We welcome back Paul Jolly, Director of Jump Start Growth, Inc., a nonprofit fundraising and consulting firm in Washington DC. Today, Paul tells about the importance of breaking the donor-donation barrier.
Many good therapists will tell you your achievements are limited only by your attitude. Organizations, as well as individuals, may have a mindset that limits what they can accomplish. Which means they work harder for less.
Consider, for instance, the sorry fate of many legal organizations. They provide critical services that might be the difference between home ownership and homelessness, between prison and freedom, between employment and unemployment. Yet many of them are hindered in their fund raising because they assume that their prospect pool extends only as wide as the legal profession. Any limitation on your audience is unfortunate, but limiting the prospect pool to lawyers is especially unfortunate because [insert your favorite lawyer joke here].
Many left-leaning advocacy organizations assume that they are limited to small contributions from middle class people because of their prejudices about the rich. A precarious budget is a mark of accomplishment for some organizations because it proves that they have not “sold out”. There is nothing wrong with choosing institutional poverty, I suppose, although I personally prefer a good night’s sleep to deficit-driven insomnia.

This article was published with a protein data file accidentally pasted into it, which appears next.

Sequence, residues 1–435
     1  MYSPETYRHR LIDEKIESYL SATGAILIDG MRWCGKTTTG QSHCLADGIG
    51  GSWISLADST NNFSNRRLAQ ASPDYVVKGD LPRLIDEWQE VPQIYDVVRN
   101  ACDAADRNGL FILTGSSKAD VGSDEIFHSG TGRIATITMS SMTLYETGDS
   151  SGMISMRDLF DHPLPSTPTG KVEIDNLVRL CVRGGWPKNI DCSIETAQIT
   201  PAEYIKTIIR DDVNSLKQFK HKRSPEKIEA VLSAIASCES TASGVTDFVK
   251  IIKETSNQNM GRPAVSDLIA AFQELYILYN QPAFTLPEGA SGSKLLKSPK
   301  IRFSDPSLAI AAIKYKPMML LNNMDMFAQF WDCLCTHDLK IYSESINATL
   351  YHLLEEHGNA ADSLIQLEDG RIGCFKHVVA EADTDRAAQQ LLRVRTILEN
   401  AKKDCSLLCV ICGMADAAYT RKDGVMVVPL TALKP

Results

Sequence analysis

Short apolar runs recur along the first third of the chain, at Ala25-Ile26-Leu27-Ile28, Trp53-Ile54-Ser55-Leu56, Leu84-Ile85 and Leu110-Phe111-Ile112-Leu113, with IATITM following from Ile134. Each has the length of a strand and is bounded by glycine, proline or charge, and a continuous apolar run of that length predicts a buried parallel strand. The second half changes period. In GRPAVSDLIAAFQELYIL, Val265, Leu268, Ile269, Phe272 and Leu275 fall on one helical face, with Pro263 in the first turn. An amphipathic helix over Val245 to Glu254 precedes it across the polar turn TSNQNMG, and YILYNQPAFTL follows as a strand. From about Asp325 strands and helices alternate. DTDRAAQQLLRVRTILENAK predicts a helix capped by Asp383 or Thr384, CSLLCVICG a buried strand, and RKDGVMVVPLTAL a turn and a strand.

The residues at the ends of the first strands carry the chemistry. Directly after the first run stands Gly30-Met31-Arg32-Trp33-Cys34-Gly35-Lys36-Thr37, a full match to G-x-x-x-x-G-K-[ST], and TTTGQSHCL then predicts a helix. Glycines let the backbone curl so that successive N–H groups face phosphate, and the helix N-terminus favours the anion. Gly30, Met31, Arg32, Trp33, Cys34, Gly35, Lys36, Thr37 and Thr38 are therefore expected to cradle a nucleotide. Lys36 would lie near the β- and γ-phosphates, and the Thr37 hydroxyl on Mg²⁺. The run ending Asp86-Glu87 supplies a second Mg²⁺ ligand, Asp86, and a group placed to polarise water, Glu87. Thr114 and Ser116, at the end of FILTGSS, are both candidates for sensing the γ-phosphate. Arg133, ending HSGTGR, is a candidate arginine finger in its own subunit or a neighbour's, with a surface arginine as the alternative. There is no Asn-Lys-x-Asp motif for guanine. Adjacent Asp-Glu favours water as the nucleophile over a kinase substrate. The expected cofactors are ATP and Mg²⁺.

Sometimes limitations are written into the fund raising strategy. I worked once with an organization that builds houses in remote villages in Nicaragua. Each house costs $2,400, with $1,400 coming from an institutional donor. One of the staff members told me, “There are people who send $1,000 every time we ask them.” I inquired, “What could you do with a contribution of $100,000?” He answered that they could provide a well that would save women hours of walking to the river and prevent water-borne illness. Six months later, he called me and told me he had just gotten a check for $100,000 to dig a well.
Is your institutional attitude holding you back? Are you selling your good work short and thus pitching too low? Spend fifteen minutes doing an inventory of your organization’s views of affluence. Spend another fifteen minutes making a list of people who might write checks big enough to make you dance on your desk. Then spend the rest of the day scheming about how to strengthen your relationships with those people.
Paul Jolly of Jump Start Growth, Inc. can be reached at paul (at) jumpstartgrowth dot com.